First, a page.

To my neuro opthalmologist, who helped improve my vision to the point where I was able to regain some independence after seven months, and who helped schedule me for my first vaccine as quickly as possible due to the risks I have now being significantly immunocompromised.
To my daughter's teacher this year, for her compassion, whom I'm so glad knew me before this because she still sees me for the teacher and person I was before and makes me feel like I'm the same person even if it's in a different form now.
To my son's teacher this year, for being the exact kind of role model of patience, kindness, and love he needs in his life right now.
To my fellow MS warriors who I've met along the way, you know my struggle and my heart because it is yours too, and your collective knowledge has helped me as I traverse this uncharted terrain.
To the friends who have listened, and given me room to cry and grieve, and cheer me on in each victory, no matter how seemingly small.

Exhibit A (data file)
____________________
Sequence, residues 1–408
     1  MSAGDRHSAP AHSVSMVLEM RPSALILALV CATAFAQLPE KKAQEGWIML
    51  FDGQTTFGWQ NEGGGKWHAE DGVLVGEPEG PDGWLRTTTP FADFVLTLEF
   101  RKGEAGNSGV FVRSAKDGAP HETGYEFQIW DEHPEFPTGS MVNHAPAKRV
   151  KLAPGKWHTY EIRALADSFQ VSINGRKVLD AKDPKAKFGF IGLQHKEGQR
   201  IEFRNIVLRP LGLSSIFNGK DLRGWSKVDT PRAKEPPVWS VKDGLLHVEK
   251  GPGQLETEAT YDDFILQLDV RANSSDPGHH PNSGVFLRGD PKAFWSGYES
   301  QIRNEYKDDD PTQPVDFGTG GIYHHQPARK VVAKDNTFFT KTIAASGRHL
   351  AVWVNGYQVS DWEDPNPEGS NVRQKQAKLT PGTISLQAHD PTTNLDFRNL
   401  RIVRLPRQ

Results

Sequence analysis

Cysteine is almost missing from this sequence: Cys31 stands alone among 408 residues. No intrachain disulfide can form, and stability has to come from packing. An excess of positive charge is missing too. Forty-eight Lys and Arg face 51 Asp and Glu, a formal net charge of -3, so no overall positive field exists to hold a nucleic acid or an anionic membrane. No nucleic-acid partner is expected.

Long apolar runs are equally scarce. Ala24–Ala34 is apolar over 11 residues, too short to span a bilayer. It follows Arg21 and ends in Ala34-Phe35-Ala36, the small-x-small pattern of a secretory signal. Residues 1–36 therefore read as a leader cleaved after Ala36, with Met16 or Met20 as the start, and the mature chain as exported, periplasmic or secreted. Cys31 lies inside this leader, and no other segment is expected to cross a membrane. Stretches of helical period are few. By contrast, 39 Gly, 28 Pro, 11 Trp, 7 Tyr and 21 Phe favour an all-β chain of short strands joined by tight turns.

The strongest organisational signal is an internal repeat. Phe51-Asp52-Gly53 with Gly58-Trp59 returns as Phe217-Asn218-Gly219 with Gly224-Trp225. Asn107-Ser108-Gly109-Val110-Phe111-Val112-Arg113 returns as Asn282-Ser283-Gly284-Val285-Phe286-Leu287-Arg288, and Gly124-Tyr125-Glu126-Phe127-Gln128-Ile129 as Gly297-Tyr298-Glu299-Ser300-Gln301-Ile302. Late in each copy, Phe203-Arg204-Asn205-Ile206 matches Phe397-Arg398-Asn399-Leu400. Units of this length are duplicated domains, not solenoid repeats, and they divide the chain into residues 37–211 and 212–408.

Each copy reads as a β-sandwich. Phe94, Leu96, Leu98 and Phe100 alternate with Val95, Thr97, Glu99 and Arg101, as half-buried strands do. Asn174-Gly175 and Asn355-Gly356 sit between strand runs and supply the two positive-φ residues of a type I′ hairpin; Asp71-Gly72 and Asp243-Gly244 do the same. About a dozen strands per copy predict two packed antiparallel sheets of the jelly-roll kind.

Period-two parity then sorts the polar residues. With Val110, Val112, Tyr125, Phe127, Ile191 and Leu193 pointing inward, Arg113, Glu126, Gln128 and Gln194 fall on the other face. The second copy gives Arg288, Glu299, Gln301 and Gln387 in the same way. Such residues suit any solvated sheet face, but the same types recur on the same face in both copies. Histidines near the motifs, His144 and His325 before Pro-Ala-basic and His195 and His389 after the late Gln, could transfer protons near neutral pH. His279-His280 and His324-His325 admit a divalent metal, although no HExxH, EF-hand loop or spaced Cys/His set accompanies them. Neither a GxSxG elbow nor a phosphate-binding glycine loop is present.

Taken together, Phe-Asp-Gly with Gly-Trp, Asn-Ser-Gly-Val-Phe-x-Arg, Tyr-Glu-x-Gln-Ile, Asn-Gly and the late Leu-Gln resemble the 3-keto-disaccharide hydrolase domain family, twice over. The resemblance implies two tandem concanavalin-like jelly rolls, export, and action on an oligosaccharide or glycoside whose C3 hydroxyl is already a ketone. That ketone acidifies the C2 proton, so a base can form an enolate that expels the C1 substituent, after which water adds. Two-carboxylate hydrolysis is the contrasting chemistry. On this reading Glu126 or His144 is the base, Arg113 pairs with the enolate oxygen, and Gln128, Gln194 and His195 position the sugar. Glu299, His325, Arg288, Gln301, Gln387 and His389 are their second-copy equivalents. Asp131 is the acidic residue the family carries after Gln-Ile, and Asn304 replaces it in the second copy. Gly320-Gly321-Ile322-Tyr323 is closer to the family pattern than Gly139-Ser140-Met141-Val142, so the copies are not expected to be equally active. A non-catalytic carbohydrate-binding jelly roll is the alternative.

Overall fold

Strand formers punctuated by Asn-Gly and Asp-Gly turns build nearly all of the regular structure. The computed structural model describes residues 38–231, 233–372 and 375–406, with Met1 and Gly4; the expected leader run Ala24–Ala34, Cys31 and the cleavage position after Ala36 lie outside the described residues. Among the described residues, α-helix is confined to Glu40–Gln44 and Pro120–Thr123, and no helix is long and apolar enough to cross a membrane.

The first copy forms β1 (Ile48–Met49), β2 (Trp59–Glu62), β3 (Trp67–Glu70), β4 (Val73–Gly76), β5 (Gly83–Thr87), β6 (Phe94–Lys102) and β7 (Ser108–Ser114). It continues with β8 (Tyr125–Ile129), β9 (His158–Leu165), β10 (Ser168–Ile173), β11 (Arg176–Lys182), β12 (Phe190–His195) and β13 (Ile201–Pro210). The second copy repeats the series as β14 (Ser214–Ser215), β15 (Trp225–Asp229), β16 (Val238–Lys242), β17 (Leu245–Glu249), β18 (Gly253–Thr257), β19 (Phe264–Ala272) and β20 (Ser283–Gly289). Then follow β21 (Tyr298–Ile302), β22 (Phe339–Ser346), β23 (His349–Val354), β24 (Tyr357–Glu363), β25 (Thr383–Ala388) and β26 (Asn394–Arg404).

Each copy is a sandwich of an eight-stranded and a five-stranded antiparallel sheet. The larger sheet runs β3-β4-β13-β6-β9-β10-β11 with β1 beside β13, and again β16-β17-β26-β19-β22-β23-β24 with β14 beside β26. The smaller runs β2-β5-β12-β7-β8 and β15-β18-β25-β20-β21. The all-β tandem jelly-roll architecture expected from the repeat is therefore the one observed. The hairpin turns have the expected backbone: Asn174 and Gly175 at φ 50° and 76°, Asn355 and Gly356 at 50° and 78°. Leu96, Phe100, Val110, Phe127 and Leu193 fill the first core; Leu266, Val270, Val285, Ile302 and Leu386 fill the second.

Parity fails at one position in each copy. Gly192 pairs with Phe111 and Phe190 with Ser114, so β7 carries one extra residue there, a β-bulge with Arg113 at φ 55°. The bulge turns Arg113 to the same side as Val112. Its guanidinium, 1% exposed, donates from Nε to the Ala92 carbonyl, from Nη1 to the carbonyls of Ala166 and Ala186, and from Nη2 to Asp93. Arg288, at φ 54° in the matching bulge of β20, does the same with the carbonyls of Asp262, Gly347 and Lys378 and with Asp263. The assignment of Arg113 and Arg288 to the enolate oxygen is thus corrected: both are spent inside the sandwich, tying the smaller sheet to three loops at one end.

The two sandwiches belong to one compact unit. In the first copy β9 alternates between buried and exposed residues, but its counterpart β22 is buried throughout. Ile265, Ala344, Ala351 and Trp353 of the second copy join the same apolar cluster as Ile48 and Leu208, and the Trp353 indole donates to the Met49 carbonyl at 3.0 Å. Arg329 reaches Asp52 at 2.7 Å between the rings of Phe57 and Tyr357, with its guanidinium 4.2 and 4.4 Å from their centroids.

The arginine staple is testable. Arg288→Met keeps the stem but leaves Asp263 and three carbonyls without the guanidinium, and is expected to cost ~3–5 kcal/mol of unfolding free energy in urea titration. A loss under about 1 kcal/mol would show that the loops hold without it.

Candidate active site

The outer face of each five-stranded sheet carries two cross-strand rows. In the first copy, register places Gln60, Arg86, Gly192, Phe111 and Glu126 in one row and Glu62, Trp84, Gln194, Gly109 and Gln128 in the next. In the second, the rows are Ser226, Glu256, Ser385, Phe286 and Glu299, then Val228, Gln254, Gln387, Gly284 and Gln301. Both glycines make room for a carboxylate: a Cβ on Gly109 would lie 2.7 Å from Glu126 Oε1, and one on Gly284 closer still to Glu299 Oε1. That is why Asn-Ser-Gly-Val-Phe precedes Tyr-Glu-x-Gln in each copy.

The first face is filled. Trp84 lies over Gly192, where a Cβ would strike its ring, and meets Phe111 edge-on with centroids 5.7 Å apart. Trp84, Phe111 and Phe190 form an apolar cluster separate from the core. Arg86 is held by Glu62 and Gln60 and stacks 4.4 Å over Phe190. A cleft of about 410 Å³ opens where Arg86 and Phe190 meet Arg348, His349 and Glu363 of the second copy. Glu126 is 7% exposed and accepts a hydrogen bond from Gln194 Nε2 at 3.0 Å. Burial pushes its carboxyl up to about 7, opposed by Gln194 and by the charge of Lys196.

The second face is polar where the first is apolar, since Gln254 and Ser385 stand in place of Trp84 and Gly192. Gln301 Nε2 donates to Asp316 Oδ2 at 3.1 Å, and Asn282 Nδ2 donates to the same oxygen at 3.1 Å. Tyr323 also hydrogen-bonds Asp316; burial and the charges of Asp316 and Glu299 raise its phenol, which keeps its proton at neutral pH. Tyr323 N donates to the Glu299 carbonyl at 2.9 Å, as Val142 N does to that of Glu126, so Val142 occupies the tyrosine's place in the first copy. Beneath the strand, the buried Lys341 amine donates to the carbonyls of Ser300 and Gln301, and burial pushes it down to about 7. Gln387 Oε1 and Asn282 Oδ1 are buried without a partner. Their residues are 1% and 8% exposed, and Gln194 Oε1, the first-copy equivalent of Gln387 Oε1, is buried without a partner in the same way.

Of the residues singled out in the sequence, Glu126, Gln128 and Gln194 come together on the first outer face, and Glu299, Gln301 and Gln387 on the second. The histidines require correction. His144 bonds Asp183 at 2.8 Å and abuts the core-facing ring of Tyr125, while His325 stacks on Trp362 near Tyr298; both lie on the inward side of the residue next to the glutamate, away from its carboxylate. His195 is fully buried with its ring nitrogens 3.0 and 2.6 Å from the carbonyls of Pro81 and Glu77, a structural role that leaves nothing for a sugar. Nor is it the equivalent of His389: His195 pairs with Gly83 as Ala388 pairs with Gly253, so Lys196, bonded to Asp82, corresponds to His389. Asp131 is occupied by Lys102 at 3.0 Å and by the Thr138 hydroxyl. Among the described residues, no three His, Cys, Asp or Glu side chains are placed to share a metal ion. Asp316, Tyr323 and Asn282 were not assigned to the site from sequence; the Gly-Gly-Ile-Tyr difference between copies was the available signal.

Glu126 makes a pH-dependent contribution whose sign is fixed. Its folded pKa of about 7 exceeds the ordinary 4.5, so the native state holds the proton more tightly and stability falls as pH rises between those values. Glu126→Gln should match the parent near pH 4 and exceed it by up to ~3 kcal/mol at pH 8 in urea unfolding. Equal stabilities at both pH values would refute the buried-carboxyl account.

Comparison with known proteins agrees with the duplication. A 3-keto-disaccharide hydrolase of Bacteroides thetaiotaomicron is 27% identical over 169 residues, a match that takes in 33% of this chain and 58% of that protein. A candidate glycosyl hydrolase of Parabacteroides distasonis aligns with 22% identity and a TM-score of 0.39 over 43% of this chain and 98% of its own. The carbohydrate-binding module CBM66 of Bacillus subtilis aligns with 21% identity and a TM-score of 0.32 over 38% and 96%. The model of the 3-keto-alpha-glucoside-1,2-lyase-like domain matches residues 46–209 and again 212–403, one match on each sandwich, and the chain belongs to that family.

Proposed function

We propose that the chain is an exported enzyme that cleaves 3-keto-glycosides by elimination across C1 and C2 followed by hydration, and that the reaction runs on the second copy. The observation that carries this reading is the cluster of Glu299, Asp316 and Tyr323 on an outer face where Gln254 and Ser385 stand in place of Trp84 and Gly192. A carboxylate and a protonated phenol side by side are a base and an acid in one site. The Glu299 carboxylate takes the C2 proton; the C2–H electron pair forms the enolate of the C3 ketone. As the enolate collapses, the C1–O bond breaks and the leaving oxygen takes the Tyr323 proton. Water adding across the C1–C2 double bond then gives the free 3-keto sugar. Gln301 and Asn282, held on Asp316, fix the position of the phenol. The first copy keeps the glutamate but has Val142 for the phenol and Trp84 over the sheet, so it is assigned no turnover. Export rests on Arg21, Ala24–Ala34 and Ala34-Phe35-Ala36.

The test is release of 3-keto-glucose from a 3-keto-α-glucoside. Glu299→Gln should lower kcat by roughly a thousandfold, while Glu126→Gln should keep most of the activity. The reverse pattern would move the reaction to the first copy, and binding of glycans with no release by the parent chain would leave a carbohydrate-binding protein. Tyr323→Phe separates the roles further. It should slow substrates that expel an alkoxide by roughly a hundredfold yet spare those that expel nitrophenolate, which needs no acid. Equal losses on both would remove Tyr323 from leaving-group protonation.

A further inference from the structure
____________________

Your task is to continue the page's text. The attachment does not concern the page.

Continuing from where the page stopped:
To all of the countless family and friends who have helped with providing food, assisted with cleaning, spent time with our children when I've been too sick to give it my all, and to everyone who has called or sent words of encouragement:
I thank you
YOU have helped keep me going when it's been too hard a burden to bear.
YOU made sure I would never have to face it alone.
I've kept all of your letters, and I look back at them to draw strength from when I need it most.
And to my greatest gift of all, my children, who hold me tight on days I just need a really long hug because I miss the way we did the things we used to do, and who love me through it all.
I realize many of you may not have known my struggle, because I wasn't ready to share it; and to an extent, I'm still not fully ready even now, as I'm continually working towards embracing the me I am becoming with each small step I take.
You never know what journey another person might be facing, or where the road will take you; but, you can be certain, if you are willing to look for the beauty within the hardship, there will always be blessings to be thankful for.
Thank you, to every single one of you, who has walked along this journey with me. I'm grateful beyond measure to be so immensely blessed.
How often do you use assistive devices to help manage your MS?